Meteorology at the land surface affects many processes in the terrestrial biogeochemical system. Measurements of near-surface meteorological conditions are made at many locations, but we are often faced with having to perform ecosystem process simulations in areas where no meteorological measurements have been taken. In some cases it is possible to install new instrumentation for a particular study, but there are many situations where this is not a feasible solution. We developed MT-CLIM to address the problems of estimating daily near-surface meteorological parameters from nearby observations. It is designed to handle the special problems encountered in mountainous terrain, but it is applicable in flat terrain as well.
MT-CLIM is a computer program that uses observations of daily maximum temperature, minimum temperature, and precipitation from one location (the "base") to estimate the temperature, precipitation, radiation, and humidity at another location (the "site"). The base and the site can be at different elevations, and can have different slopes and aspects. Better results are obtained when the base and site are relatively close to one another (at the bottom and the top of a valley, for example).
Temperature estimates at the site are based on the base temperatures and a user-supplied temperature lapse rate. Separate lapse rates can be supplied for daily maximum and minimum temperature. Precipitation estimates at the site are based on the daily record of preciupitation from the base, and a user-specified ratio of annual total precipitation between the site and the base.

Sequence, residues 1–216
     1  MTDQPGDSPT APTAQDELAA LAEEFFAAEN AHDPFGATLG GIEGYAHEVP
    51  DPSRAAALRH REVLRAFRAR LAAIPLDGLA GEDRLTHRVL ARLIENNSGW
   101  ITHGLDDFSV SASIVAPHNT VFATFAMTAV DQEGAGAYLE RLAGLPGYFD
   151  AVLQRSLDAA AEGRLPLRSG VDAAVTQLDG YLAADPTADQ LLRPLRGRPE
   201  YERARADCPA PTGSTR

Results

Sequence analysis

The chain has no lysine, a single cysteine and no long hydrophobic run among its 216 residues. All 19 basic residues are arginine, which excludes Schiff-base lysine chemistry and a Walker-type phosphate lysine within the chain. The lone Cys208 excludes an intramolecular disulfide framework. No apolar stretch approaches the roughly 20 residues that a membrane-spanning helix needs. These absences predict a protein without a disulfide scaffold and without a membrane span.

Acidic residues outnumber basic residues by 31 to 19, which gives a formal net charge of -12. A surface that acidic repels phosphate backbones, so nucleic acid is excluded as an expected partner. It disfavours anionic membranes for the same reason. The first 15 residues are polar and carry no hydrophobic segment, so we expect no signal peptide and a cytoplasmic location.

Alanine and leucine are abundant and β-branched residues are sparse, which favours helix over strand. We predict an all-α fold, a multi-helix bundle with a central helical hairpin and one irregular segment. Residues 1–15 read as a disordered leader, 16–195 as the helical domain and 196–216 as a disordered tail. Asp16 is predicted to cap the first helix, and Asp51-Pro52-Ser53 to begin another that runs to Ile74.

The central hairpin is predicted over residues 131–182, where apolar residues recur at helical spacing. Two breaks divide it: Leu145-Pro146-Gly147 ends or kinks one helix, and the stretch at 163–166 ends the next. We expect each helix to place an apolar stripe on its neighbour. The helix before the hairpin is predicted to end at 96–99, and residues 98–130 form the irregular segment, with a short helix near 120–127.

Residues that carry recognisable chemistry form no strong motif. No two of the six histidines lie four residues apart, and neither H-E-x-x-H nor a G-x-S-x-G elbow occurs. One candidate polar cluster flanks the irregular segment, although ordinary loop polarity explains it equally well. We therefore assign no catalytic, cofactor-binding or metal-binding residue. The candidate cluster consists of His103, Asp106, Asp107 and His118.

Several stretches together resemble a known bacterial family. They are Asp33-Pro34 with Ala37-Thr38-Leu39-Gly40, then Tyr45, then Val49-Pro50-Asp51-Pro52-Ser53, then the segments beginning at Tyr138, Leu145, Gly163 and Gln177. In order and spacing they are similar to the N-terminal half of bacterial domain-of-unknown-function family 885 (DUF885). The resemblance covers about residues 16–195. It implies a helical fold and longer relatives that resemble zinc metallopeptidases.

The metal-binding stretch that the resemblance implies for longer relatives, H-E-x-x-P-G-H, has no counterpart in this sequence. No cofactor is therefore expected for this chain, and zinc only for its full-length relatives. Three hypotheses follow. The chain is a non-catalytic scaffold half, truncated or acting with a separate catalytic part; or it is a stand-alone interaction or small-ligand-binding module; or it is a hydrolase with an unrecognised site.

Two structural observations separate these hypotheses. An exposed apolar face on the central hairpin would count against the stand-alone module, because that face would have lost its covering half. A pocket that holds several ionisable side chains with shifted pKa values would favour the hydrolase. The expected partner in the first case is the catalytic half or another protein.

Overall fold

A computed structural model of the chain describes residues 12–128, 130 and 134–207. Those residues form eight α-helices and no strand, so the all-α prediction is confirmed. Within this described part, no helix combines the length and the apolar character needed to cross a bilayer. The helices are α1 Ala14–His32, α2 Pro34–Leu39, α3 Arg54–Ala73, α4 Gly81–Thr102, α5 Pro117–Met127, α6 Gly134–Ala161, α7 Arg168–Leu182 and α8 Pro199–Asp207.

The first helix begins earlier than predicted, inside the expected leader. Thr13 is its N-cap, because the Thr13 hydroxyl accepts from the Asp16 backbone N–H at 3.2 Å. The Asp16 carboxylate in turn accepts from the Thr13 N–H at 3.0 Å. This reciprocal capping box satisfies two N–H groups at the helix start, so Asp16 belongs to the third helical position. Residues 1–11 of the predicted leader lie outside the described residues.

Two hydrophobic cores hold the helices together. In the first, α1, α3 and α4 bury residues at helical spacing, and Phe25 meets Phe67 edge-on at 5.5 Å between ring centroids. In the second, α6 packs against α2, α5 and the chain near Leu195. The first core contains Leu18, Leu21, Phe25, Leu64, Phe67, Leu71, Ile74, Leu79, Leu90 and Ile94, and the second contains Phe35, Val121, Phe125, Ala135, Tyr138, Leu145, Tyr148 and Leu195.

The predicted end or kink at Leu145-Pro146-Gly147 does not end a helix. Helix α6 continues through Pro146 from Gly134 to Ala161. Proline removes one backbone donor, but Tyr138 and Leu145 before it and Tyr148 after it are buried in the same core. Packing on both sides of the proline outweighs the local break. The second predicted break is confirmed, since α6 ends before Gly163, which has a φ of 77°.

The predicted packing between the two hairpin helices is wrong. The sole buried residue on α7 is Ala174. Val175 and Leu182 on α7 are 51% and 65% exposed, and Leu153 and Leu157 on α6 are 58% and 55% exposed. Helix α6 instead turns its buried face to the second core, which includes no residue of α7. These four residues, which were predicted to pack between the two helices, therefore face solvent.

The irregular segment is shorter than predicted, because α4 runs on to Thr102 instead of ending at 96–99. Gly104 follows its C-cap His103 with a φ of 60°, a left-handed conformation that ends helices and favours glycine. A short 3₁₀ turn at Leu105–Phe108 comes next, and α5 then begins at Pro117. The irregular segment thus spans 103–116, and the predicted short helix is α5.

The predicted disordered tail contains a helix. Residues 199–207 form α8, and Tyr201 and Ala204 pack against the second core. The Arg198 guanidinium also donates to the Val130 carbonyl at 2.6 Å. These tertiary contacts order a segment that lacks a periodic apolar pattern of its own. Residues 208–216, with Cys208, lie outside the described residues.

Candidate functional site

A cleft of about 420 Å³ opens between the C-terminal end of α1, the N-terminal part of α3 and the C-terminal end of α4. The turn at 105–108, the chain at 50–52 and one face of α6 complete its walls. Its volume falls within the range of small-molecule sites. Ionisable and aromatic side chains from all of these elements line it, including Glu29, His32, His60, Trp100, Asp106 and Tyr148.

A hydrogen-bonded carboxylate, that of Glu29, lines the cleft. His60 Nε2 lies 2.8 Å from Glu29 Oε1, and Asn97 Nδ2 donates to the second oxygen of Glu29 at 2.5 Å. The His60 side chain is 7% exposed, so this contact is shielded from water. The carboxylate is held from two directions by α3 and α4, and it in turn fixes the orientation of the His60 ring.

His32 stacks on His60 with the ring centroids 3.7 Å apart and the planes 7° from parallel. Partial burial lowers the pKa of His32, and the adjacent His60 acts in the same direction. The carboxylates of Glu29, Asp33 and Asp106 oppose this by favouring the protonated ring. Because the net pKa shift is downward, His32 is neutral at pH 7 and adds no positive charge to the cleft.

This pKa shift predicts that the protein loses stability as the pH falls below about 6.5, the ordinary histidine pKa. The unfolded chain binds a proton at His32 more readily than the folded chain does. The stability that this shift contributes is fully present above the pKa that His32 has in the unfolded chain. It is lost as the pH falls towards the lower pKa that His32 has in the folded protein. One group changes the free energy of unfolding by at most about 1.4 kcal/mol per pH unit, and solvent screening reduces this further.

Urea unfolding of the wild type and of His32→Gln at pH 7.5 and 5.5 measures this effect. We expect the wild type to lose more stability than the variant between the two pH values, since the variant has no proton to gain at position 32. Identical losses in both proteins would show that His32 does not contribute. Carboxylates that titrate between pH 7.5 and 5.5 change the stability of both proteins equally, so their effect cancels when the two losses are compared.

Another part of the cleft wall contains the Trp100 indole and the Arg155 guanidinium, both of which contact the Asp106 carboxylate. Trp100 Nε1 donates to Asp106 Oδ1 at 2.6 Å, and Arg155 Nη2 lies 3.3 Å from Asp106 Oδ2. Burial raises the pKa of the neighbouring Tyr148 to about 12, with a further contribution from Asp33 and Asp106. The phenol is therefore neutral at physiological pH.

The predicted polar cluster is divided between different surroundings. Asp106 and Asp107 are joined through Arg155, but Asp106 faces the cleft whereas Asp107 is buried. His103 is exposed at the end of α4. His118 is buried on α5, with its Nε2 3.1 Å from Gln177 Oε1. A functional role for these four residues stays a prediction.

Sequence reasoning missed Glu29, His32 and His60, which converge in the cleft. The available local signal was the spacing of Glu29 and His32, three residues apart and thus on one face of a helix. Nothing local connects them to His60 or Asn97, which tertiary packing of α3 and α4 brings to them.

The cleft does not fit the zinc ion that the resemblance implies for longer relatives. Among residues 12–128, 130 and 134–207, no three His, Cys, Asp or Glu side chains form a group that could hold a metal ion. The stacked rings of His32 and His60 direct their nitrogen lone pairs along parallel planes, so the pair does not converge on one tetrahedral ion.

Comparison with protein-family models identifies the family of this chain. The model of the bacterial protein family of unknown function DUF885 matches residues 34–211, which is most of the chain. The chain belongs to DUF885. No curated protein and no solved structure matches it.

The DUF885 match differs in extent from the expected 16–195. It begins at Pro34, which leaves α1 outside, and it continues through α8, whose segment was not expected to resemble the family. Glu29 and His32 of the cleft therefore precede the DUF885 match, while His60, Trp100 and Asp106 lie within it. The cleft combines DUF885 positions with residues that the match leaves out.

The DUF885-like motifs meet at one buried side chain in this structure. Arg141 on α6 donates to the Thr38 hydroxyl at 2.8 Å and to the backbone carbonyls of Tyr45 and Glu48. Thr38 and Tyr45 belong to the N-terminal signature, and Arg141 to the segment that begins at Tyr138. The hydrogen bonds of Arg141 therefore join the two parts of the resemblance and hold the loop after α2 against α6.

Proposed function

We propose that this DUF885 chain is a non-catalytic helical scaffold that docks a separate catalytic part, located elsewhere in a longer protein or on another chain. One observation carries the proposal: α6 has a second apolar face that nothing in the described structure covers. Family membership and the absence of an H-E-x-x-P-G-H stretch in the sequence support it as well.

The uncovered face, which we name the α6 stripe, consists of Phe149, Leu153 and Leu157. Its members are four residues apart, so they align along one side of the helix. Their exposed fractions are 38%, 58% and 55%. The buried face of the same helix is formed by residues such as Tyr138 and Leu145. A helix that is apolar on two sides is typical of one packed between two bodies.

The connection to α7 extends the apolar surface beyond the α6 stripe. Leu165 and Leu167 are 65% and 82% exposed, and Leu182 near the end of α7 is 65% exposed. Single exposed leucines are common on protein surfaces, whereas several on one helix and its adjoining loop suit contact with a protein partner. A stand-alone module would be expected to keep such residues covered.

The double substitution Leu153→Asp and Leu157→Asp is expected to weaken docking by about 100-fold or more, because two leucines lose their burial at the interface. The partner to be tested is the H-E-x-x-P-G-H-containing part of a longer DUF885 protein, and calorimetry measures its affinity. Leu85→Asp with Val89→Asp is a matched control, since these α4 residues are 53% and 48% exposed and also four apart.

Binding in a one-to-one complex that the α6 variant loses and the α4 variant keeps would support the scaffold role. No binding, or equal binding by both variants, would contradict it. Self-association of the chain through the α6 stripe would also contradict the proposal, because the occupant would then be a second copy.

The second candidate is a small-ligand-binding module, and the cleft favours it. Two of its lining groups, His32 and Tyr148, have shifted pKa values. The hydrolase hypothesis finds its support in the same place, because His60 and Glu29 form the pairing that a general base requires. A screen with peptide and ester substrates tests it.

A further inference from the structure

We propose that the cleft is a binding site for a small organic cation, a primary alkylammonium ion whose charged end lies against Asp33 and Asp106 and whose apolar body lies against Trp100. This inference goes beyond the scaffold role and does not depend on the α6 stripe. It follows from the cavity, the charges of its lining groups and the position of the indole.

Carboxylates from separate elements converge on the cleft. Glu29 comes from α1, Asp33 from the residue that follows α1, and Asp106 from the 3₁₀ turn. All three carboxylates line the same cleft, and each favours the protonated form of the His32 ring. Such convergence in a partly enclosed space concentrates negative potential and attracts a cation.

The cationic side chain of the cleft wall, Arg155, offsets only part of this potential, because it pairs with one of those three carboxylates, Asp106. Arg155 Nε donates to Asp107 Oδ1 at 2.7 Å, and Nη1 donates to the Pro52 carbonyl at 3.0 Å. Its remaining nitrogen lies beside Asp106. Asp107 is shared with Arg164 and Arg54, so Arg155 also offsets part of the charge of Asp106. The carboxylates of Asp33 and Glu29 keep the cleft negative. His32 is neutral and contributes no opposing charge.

The estimation of radiation and humidity are more complex, since these parameters are not assumed to be measured at the base station. Humidity estimates are based on the observation that daily minimum temperature is usually very close to dewpoint temperature. The MT-CLIM algorithm includes corrections to this assumption for arid climates. Radiation estimates are based on the observation that the diurnal temperature range (from minimum temperature to maximum temperature) is closely related to the daily average atmospheric transmittance. In conjunction with information about the latitude, elevation, slope, and aspect of the site, this relationship can be used to estimate daily total radiation with a typical error range of +/- 15%. Some of the limitations of MT-CLIM are the use of a single base station for observations and the need for the user to specify the temperature and precipitation relationships with elevation. We have developed an expanded version of the MT-CLIM logic, called Daymet, that uses observations from a large number of base stations.
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